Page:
21. Des Moines: 4,585
22. Cleveland: 4,345
23. St. Louis: 4,152
24. Madison: 4,097
25. Milwaukee: 4,090
26. Las Vegas: 3,544
27. Dayton: 2,652
28. Akron: 2,340
29. Fort Wayne: 2,179
30. Lincoln: 1,848
31. Toledo: 1,308
32. Wichita: 1,132
33. Providence: -414
34. Youngstown: -863

So Columbus is also doing well since 2010 and attracts significantly more people in the 25-34 age group than cities often cited for this very metric.

Finally, now that we know the totals and the growth, what is the % of total city population that the 25-34 age group makes up?

25-34 % of Total City Population 2016

1. Orlando: 23.1%
2. Austin: 22.6%
3. Minneapolis: 21.8%
4. Columbus: 20.9%
5. Pittsburgh: 20.6%
6. Grand Rapids: 20.3%
7. Portland: 19.9%
8. Nashville: 19.8%
9. St. Louis: 19.8%
10. Chicago: 19.7%
11. Madison: 19.3%
12. Sacramento: 18.8%
13. Cincinnati: 18.3%
14. St. Paul: 18.3%
15. Charlotte: 17.7%
16. Providence: 17.1%
17. Milwaukee: 17.0%
18. Kansas City: 16.9%
19. Indianapolis: 16.8%
20. Virginia Beach: 16.7%
21. Des Moines: 16.2%
22. San Antonio: 16.2%
23. Omaha: 16.1%
24. San Jose: 16.1%
25. Lincoln: 15.7%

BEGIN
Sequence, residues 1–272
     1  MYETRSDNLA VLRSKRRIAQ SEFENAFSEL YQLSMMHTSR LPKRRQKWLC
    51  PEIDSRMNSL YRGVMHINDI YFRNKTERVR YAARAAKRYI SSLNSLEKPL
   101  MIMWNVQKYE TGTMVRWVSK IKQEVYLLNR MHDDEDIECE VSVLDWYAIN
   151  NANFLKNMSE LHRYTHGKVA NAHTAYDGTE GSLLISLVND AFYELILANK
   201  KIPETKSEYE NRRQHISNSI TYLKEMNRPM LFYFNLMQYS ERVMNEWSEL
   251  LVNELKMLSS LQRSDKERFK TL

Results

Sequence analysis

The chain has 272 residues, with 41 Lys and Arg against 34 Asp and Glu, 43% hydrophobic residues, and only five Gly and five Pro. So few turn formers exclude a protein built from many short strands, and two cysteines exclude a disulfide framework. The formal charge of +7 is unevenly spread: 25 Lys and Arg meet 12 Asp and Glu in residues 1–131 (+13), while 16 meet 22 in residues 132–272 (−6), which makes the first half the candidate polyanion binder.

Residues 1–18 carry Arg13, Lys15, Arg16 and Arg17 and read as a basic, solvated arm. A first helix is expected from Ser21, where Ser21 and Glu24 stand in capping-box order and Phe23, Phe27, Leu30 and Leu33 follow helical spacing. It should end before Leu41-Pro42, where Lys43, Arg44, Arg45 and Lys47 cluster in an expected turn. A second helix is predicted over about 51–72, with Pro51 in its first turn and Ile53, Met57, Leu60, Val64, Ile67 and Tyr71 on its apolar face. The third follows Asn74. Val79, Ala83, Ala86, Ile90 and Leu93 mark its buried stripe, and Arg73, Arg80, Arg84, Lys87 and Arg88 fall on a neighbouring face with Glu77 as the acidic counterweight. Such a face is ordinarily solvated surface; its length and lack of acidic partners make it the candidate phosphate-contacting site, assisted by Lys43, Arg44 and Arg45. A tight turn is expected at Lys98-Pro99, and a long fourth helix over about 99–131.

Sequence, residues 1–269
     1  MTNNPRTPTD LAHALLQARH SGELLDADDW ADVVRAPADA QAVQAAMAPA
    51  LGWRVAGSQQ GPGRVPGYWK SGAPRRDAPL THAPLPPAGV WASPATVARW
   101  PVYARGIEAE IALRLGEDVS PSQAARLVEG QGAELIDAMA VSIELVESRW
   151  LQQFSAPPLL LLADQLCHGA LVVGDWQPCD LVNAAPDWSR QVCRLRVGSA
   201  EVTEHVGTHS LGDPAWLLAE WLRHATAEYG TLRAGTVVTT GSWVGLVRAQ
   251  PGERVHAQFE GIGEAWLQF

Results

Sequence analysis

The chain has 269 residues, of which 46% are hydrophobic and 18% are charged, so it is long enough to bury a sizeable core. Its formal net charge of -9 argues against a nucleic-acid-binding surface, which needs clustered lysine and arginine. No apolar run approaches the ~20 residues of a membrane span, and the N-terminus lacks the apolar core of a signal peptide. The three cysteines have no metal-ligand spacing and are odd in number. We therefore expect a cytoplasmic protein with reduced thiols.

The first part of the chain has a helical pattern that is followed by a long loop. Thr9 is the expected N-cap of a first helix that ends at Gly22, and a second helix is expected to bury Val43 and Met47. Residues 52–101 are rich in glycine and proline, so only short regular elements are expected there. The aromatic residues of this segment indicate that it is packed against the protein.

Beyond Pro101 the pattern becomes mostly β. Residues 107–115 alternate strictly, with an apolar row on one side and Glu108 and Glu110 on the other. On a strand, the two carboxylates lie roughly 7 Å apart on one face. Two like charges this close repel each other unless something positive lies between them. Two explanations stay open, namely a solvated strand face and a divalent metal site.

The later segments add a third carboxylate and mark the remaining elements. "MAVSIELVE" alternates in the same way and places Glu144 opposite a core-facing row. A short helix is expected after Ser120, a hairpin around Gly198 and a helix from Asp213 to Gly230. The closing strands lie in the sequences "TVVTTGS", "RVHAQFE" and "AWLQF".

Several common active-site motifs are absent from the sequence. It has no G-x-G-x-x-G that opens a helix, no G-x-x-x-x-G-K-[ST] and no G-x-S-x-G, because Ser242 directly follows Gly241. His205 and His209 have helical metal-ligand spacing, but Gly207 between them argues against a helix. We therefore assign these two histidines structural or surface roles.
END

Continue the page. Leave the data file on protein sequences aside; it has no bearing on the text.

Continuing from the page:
26. Toledo: 15.4%
27. Cleveland: 15.2%
28. Akron: 15.1%
29. Detroit: 15.0%
30. Wichita: 14.8%
31. Fort Wayne: 14.3%
32. Las Vegas: 13.4%
33. Youngstown: 11.9%
34. Dayton: 8.2%

Columbus has an existing large population of the 25-34 age demographic, and looks to be one of the strongest performers into the near future.
Some would ask why that would be considering that Columbus transit is woefully lacking and has a reputation (very undeservedly, in my opinion) of being suburban- characteristics that Millennials/YPers supposedly almost universally reject. Perhaps the bottom line is that economics trump all other desires. Cost of living and employment tend to be higher up the list than rail lines, and Columbus has both a strong economy and relatively low COL. Whatever the case may be, Columbus seems to be doing something right.

For more information on demographics, go to: Columbus Demographics
And for Franklin County racial and economic maps, go to: Census Tract and Zip Code Maps

Columbus Slowly Becoming Ohio’s Largest Job Market- In One Graph

The Columbus metro has long been Ohio’s 3rd largest labor market, but that seems to be changing over time.

The January 2015 labor force jumped to a record high, and if trends hold, may pass the other 2 Cs by the end of the year.

Columbus Metro Density vs. Peer and Midwest Metros

No, this is not a repost. Awhile back, I did a post on population by mile marker from “City Hall”. You can find that post here: http://allcolumbusdata.com/?p=1079
In the post, I compared Columbus with the 14 other largest Midwest metros.